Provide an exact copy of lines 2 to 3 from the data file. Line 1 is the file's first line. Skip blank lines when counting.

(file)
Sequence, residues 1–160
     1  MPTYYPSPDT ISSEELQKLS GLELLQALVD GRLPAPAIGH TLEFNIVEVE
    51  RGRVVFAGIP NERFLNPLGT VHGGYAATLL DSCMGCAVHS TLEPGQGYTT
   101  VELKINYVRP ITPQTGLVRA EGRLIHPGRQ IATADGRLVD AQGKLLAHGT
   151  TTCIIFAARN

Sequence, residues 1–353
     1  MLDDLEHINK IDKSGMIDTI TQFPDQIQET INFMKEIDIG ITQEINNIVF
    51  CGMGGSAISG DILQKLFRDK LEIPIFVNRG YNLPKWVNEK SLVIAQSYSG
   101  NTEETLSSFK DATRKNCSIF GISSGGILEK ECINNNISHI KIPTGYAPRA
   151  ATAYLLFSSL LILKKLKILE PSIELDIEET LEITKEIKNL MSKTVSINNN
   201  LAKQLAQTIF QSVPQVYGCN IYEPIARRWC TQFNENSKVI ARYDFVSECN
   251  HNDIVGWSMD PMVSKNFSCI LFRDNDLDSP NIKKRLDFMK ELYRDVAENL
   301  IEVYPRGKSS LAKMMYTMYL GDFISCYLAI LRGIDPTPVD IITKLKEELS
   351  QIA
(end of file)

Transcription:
     1  MPTYYPSPDT ISSEELQKLS GLELLQALVD GRLPAPAIGH TLEFNIVEVE
    51  RGRVVFAGIP NERFLNPLGT VHGGYAATLL DSCMGCAVHS TLEPGQGYTT